Contact Energy will have more New Zealand shareholders on its register after Australia's Origin Energy sold its controlling stake for $1.8 billion.

In what was the biggest deal since the Government's $733 million partial privatisation of Genesis Energy in April last year, Origin said it had sold its 53 per cent stake to underwriters Macquarie Capital at $4.65 a share - a 7.4 per cent discount to its last traded price of $5.02 a share before the stock went on a trading halt.

Contact, one of New Zealand's biggest listed companies, supplies about 22 per cent of the retail market from a diversified portfolio of hydro, geothermal and gas-fired generation assets.

The deal ends months of speculation that Origin, which has been involved in Contact for 11 years, intended to exit. Together with Monday's news that the power hungry NZ Aluminium Smelters and Meridian Energy had successfully re-negotiated a new supply agreement, Origin's sale removes significant uncertainty for the sector as a whole.

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Fund managers do not expect to see a shortage of demand for Contact stock in the current yield-hungry environment.

Harbour Asset Management analyst Craig Stent said the deal looks likely to remove a stock overhang allowing the market, post Tiwai Pt, to proceed with certainty.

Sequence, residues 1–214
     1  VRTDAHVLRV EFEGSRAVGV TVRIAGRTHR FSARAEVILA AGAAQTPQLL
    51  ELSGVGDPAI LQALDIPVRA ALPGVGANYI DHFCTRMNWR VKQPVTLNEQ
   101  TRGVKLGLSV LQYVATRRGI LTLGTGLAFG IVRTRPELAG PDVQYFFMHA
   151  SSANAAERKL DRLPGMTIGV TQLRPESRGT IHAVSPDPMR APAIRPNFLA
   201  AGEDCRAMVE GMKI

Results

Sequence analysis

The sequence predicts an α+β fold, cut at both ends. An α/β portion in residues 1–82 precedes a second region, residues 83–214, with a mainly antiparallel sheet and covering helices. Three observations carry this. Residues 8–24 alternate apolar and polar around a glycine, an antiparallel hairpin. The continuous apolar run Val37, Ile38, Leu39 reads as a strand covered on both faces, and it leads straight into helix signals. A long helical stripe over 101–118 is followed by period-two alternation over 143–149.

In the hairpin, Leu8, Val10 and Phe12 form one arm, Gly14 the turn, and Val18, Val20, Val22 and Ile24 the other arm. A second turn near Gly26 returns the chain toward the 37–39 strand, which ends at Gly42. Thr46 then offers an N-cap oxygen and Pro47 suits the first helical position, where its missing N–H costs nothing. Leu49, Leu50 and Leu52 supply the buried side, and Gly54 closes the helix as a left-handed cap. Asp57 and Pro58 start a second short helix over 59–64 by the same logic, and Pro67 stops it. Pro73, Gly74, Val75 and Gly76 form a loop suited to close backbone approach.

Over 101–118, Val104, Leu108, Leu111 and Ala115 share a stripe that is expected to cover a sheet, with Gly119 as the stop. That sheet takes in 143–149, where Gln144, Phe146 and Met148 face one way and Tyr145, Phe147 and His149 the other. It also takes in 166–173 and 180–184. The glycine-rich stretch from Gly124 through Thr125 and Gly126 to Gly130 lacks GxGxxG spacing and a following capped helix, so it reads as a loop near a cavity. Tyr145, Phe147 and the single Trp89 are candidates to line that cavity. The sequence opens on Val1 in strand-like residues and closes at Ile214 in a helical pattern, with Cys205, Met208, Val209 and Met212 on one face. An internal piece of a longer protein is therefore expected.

"The market has been expecting it for a few months, so now the focus is shifting back to the company's fundamentals," he said.

Analysts expected the stock to be keenly sought by local and overseas infrastructure funds, pension funds, KiwiSaver funds and private investors seeking long-life assets with good cash flow.

"Clearly, retail investors will be participating in the deal as well, through the brokers," he said.

Mark Lister, head of private wealth research at Craigs Investment Partners, expected the market to easily digest the $1.8 billion worth of stock.

"The market will easily swallow it because it is exactly the kind of stock that the market is looking for in this low-interest-rate, declining-economic-growth environment," he said. "Let's hope that when the dust settles, there's a strong influence from the New Zealand side of the ledger as well."

Origin, which has invested heavily in Queensland liquefied natural gas plants, said it would use the proceeds to pay back debt and redeem $200 million in preference shares. Macquarie is expected to have the stake onsold by today.

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The timing of yesterday's announcement was most likely connected to Monday's news from NZAS. Doubts about the future of its Tiwai Pt smelter had been hanging over all the New Zealand generators because a decision to shut the smelter would depress wholesale power prices and affect the profitability of them all.

Contact, which will report its June year result on August 17, said it expects its earnings before interest, tax, depreciation, amortisation and financial instruments to be about $525 million, down from $587 million a year earlier. It expected its underlying earnings after tax to be about $161 million from $227 million a year earlier.

The company said it would support increased distributions to shareholders and as a result has revised its distribution policy to target an average ordinary dividend equivalent to about 100 per cent of underlying earnings after tax from 80 per cent previously. The board said it would also seek to list Contact shares on the ASX within four to six weeks.

Contact shares were in a trading halt while the transaction took place.